16. 17. <ul><li>Crime Connection to Traffic Enforcement </li></ul><ul><ul><ul><ul><ul><li>Visibility Does What? </li></ul></ul></ul></ul></ul><ul><ul><ul><ul><ul><li>Public Perception </li></ul></ul></ul></ul></ul><ul><ul><ul><ul><ul><li>Crime Rates </li></ul></ul></ul></ul></ul>
    17. 18. <ul><li>Training and the Individual Officer </li></ul><ul><ul><ul><ul><ul><li>Post LE Career </li></ul></ul></ul></ul></ul>
    18. 19. <ul><li>Q&A </li></ul>
    19. 20. <ul><li>Community Policing </li></ul>
    20. 21. <ul><li>Community Policing </li></ul><ul><ul><ul><ul><li>Commonly Called Problem Oriented Policing </li></ul></ul></ul></ul><ul><ul><ul><ul><li>Community is directly involved </li></ul></ul></ul></ul><ul><ul><ul><ul><li>Community doesn't direct police </li></ul></ul></ul></ul><ul><ul><ul><ul><li>Community interaction with input and assistance </li></ul></ul></ul></ul>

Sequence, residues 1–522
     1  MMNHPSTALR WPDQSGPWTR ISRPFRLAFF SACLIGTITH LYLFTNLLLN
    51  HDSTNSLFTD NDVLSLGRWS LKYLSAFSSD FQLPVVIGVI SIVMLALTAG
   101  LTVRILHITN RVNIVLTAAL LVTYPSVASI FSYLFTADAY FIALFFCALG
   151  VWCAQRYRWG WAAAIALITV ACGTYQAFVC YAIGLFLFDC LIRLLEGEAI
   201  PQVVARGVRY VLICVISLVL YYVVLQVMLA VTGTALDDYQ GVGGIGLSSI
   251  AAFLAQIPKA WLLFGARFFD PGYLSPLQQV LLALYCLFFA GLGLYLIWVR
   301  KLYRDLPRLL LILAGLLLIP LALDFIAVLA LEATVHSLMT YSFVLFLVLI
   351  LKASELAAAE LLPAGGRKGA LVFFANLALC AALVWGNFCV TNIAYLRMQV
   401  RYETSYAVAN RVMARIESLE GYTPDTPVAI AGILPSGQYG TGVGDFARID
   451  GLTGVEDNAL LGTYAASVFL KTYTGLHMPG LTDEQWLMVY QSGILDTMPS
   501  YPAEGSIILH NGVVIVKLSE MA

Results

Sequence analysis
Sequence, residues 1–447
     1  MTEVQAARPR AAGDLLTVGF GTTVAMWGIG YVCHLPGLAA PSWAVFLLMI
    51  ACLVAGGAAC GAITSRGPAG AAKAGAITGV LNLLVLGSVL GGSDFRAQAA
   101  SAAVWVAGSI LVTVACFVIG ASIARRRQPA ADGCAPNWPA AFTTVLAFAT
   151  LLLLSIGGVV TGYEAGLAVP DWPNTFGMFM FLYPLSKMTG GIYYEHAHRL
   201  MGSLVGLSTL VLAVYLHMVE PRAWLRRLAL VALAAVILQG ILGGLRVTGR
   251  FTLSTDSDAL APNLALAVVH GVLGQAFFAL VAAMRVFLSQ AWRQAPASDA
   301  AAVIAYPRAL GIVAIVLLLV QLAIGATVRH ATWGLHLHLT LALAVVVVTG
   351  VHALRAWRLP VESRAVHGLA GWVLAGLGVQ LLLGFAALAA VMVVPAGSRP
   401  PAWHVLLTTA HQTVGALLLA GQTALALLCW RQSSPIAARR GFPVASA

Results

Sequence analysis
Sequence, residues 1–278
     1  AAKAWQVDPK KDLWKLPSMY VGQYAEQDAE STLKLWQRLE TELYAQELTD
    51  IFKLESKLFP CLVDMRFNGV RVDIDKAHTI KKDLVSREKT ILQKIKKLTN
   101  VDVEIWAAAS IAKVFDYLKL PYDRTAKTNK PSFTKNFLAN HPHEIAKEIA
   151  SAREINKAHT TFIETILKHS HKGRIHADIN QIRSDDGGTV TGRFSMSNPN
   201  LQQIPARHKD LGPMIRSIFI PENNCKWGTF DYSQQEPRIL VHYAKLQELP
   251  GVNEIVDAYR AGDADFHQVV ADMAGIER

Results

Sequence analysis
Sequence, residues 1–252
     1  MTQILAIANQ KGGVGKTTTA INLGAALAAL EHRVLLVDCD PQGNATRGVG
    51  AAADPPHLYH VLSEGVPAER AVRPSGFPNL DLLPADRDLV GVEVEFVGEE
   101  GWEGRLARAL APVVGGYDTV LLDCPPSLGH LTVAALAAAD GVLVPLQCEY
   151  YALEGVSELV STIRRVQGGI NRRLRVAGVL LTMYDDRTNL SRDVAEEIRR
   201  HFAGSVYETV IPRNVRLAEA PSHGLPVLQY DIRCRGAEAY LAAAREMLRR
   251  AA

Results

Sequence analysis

21. 22. <ul><li>Philosophy and Method </li></ul><ul><ul><ul><ul><li>Philosophy is that Citizens and Police Partnership </li></ul></ul></ul></ul><ul><ul><ul><ul><ul><li>Work collectively </li></ul></ul></ul></ul></ul><ul><ul><ul><ul><li>Method is a set of strategies </li></ul></ul></ul></ul><ul><ul><ul><ul><ul><li>Foot patrol </li></ul></ul></ul></ul></ul><ul><ul><ul><ul><ul><li>Directed patrol </li></ul></ul></ul></ul></ul><ul><ul><ul><ul><ul><li>Development of Citizen groups </li></ul></ul></ul></ul></ul><ul><ul><ul><ul><ul><li>Sub-stations </li></ul></ul></ul></ul></ul>
    22. 24. <ul><li>Typical Problems Addressed with C.O.P.S. </li></ul><ul><ul><ul><li>Drug related </li></ul></ul></ul><ul><ul><ul><li>Property Crimes </li></ul></ul></ul><ul><ul><ul><li>Gang Activity </li></ul></ul></ul>
    23. 25. <ul><li>Benefits of C.O.P.S. </li></ul><ul><ul><ul><li>Community connection </li></ul></ul></ul><ul><ul><ul><li>Officer ownership </li></ul></ul></ul><ul><ul><ul><li>Increased quality of life </li></ul></ul></ul>